Figure 15
Figure 15: Micrograph of sample EIN-04. What can be described as Wedl type 2 tunnels are found within the cementum. These appear as enlarged canaliculi, first described in bone by Trueman and Martill (2002). However, these may also be caused by acid etching, as suggested by Fernández-Jalvo et al. (2010) for bone samples. This may also be the case here (black arrow). Alternatively, the canaliculi may appear enlarged whereas this is caused by staining along the canaliculi. The fine central line may be the original canaliculi and the broader darker band being caused by infiltrations. The white arrow indicates an unaffected cementocyte lacuna

Figure 16
Figure 16: Micrograph of sample EIN-23. Destructive foci in the dentine appear as enlarged dentinal tubuli and lateral branches

Figure 17
Figure 17: Micrograph of sample EIN-23. Destructive foci in the form of enlarged lateral branches of the dentinal tubuli

Figure 18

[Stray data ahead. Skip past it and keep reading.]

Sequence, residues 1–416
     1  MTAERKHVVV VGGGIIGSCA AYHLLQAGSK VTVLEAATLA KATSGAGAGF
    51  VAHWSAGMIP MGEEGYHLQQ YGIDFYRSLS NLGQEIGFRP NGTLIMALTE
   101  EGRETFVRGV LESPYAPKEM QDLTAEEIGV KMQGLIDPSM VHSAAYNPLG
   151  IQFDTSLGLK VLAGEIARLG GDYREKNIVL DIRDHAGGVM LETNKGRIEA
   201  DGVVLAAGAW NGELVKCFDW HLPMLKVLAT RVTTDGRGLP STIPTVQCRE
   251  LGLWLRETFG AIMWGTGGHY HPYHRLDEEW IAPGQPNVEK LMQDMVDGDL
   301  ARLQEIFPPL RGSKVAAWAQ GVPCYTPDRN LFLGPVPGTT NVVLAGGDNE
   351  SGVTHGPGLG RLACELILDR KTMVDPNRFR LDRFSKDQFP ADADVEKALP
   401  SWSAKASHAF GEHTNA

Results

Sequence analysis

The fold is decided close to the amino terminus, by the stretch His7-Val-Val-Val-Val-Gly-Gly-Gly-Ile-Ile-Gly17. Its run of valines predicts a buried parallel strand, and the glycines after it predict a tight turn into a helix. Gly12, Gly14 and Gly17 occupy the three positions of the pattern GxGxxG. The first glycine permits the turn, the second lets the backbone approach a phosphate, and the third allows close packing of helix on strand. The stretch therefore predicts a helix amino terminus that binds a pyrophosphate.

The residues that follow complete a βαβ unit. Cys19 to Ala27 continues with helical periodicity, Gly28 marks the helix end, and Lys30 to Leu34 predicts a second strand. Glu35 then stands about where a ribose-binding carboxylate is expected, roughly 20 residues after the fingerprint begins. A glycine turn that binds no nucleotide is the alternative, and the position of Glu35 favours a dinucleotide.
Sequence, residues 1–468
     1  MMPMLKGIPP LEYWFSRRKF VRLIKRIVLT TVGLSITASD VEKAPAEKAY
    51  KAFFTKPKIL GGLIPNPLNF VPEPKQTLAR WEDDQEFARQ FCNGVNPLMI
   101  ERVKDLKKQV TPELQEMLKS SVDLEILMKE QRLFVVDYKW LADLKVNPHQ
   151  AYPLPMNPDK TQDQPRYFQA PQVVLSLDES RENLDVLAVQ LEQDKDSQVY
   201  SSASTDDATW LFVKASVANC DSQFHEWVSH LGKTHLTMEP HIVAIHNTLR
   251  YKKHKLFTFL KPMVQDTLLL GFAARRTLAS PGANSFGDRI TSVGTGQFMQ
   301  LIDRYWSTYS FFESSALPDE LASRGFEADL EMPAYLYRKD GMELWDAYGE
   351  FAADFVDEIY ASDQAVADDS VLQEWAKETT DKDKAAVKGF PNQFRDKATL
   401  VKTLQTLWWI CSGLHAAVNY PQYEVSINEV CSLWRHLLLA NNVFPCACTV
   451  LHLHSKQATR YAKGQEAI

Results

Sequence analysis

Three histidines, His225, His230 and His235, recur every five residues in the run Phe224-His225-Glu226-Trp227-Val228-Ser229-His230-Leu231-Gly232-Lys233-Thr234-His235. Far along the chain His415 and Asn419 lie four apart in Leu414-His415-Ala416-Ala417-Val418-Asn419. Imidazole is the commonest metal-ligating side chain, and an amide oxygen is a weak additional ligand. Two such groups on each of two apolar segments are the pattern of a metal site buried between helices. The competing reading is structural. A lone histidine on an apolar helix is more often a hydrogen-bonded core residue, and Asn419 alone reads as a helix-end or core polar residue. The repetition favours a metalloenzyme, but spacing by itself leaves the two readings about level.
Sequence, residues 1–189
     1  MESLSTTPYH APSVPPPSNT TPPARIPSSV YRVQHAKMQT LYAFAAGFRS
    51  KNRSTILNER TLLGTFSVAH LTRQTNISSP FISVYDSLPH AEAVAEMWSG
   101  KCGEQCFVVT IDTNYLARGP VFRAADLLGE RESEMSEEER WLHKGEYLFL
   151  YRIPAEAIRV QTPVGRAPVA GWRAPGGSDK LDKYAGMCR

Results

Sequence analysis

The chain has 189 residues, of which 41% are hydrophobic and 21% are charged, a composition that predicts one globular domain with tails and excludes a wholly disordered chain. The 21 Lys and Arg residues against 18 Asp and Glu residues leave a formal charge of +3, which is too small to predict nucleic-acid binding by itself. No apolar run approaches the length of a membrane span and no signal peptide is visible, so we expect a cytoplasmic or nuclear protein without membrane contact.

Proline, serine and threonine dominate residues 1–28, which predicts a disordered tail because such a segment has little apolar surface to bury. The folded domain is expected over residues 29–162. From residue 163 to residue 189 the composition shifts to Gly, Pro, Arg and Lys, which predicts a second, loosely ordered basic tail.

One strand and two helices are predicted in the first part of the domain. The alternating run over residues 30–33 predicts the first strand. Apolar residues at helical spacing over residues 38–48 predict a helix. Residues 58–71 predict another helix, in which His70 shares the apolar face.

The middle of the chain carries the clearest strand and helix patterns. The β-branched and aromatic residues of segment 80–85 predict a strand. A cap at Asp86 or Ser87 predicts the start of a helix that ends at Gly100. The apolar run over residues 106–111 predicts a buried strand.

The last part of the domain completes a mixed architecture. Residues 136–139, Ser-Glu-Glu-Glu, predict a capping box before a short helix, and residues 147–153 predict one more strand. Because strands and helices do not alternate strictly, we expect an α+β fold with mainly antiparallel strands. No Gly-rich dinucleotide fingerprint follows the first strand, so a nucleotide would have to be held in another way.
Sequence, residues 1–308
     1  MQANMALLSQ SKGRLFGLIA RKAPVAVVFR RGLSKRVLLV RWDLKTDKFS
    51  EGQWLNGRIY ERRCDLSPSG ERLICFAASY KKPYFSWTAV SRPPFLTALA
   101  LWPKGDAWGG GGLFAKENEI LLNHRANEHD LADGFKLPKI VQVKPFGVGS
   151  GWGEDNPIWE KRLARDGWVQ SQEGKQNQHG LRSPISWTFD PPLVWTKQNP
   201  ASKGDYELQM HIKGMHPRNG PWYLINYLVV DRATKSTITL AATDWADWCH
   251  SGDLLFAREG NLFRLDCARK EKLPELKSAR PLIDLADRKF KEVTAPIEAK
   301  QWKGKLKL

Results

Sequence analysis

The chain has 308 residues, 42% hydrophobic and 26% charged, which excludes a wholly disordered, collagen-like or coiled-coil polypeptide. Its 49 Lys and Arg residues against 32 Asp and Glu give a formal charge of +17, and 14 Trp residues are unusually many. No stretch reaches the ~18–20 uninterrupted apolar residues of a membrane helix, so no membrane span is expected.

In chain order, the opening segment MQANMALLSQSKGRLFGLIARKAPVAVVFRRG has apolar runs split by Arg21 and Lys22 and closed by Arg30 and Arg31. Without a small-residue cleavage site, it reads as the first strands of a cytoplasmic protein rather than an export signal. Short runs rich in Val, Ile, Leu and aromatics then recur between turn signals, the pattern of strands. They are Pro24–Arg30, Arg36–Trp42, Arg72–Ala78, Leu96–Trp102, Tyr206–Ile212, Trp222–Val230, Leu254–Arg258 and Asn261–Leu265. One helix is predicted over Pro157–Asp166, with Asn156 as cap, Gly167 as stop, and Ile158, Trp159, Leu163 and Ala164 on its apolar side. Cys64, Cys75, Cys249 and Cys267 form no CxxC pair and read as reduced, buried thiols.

Figure 18: Micrograph of sample EIN-22. An area with large, globular MFD with a grainy interior can be seen in the middle of the image (asterisk). The pattern of the dentine microstructure is visible within the foci, in a way similar to lamellar tunnels in bone (Hackett 1981) and what was observed by Bell et al. (1991) in dentine. See also SEM-BSE images in Figures 19 and 20

Figure 19   Figure 20
Figures 19: SEM-BSE image of the large MFD seen in Figure 18. The SEM-BSE images show that the destructions consist of a demineralised area with a border of more highly mineralised material. See SEM-BSE image in Figure 20 for higher magnification. (Image credit: H. Hollund)
Figure 20: SEM-BSE image of the large MFD seen in Figure 18 and 19. At this level of magnification it is possible to see that the interior of the MFD contains numerous fine pores (roughly 1 micron across), as found within bone MFD by Jackes et al. (2001), believed to represent bacterial tunnels. (Image credit: H. Hollund)

Figure 21